No more facial scans needed at check-in, China tells hotels

Guests can now present a smart ID card. Residents say people are constantly scanned in public anyway.
By Qian Lang for RFA Mandarin
No more facial scans needed at check-in, China tells hotels China’s state broadcaster China Central Television reports on the abolition of compulsory facial recognition scans for guests checking into hotels and guesthouses, April 25, 2024.
RFA screenshot.

Authorities across China are telling hotels and guesthouses to stop subjecting guests – domestic and foreign – to facial recognition scans at check-in, state media reported on Thursday.

"Recently, some travelers have reported that when they checked into a hotel in Shanghai, they were told that they no longer needed to undergo a facial scan," state broadcaster CCTV reported, citing an April 12 notice posted to a police computer network linking all hotels in the city.

"Forcing guests to undergo facial scans is strictly prohibited if they have presented a valid ID," the report quoted the notice as saying.

Last year, Chinese authorities in the eastern city of Hangzhou installed facial recognition cameras in the spyholes of hotels as part of a slew of tight security measures ahead of the 19th Asian Games in September.

Now, the authorities seem to be rolling back such measures, although it's unclear why.

Similar announcements are being rolled out to hotels in cities across China, including Guangzhou, Yichang and Zhuhai, the report said. 

It quoted an expert as saying that the use of facial recognition can alienate people from traveling in China and inflate costs for businesses. There is also a risk that the data could be misused, it quoted Guo Bing of the Zhejiang University of Science and Technology as saying.

Not everyone appears to have gotten the memo, however.

A Shanghai resident who gave only the surname Chen for fear of reprisals said she was still asked for a facial scan by a hotel desk clerk when she stayed briefly in a local hotel while her home was being remodeled.

"The maintenance team is repairing my home, which was leaking after recent rain," Chen said. "I stayed at the All Seasons Hotel, where they were still doing facial recognition scans."

An employee who answered the phone on Thursday at the Shanghai All Seasons Hotel (Tongji University) where Chen stayed said facial scans are no longer compulsory, however.

"It's based on personal preference -- it's OK not to do a facial scan," the employee said. "It's not mandatory."

How about in Xinjiang?

A member of staff who answered the phone at the Deyuan Business Hotel in Urumqi, capital of the tightly controlled Xinjiang region, said facial scans are no longer required there, but the hotel does take photos of guests when they check in.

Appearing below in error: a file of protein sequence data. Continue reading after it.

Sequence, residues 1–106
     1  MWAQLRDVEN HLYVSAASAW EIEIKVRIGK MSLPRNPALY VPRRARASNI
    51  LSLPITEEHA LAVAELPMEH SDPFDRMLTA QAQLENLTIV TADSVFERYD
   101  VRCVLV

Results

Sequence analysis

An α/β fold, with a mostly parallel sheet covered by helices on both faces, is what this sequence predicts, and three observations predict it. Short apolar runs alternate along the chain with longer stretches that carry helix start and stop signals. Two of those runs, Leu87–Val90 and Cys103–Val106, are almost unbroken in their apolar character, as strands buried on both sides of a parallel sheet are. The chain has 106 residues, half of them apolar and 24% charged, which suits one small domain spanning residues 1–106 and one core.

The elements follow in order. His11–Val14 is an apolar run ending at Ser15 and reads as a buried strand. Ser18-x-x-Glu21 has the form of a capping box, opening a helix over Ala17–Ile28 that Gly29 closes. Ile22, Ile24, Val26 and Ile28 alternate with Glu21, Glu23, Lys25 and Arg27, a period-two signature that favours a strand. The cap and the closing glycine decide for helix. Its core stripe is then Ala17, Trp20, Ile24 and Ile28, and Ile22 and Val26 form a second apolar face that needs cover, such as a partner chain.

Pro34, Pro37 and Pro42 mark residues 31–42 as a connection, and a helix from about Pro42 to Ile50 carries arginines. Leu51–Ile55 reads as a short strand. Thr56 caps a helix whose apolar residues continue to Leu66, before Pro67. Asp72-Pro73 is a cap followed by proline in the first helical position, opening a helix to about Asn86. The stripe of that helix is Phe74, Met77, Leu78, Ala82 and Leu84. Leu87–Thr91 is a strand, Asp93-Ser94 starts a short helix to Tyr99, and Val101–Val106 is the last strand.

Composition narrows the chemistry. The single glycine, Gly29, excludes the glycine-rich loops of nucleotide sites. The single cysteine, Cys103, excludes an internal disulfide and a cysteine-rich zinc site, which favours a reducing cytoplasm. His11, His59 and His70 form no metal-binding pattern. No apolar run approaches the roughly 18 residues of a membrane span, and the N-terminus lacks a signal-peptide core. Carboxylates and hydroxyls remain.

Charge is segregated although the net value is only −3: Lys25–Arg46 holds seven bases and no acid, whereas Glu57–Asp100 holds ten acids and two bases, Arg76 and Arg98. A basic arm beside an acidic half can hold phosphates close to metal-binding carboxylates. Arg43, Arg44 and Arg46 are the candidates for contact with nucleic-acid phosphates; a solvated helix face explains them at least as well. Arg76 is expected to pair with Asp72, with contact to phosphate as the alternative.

"You can check in using your ID card," the staff member said. "We will take a photo of you, but there's no need to do a facial scan."

Some media reports lauded the move as "a return to the rule of law," quoting the official rulebook titled "Public Security Management Measures for the Hotel Industry" as saying that while ID cards are required for registration, facial recognition isn't mentioned specifically.

Prior to the new ruling, the impetus to force everyone checking in to have a facial scan came from local police stations, according to one report.

Not everyone was convinced that the move was an improvement, however.

A resident of the eastern city of Nanjing who gave only the surname Wu for fear of reprisals said he suspects the walking back of facial recognition is because ruling Chinese Communist Party officials themselves don't want their every move to be recorded by police.

"It seems a bit out of character for them, and it's probably because they're afraid for their own privacy when traveling," Wu said. "It's not about protecting the privacy of citizens."

Could it be an IT issue?

An IT professional who gave only the surname Xu for fear of reprisals said the move could have something to do with the fact that there are approximately 610,000 hotels and guesthouses in China, each with their own scanner, as well as hundreds of millions of surveillance cameras with facial and full body recognition capabilities.

"If the database hasn't been properly designed, and lacks storage capacity and processing power to cope with the demands of such massive amounts of data, it will overload," Xu said.

"Insufficient hardware resources like memory and disks can also cause bottlenecks, resulting in slow system response or even crashes," he said.

"If there is insufficient bandwidth, data transmission may be delayed or lost, and if the software architecture and code can't be tweaked to improve efficiency, it could get overloaded, and paralysis may occur," Xu said.

He said China currently uses distributed databases, cloud computing services and automatic expansion technology, but its nationwide monitoring and surveillance systems still need huge amounts of professional maintenance just to keep up and running.

Media reports and security consultancies have estimated that China is home to hundreds of millions of surveillance cameras.

During the three-year zero-COVID policy, the authorities used a hugely unpopular COVID-19 app to track people's movements, along with the immune status of COVID-19 cases and their contacts. The restrictions were eventually lifted following mass protests in November 2022.

Facial recognition is already widely in place across the country, and Chen said she doesn't see how rolling back the use of scans in hotels will change the ongoing mass surveillance of China's 1.4 billion population.

"As soon as you go out, your face gets scanned," Chen said. "There are hundreds of cameras pointing at you from all directions, and your image gets immediately uploaded to a big database for verification."

Translated by Luisetta Mudie. Edited by Malcolm Foster.


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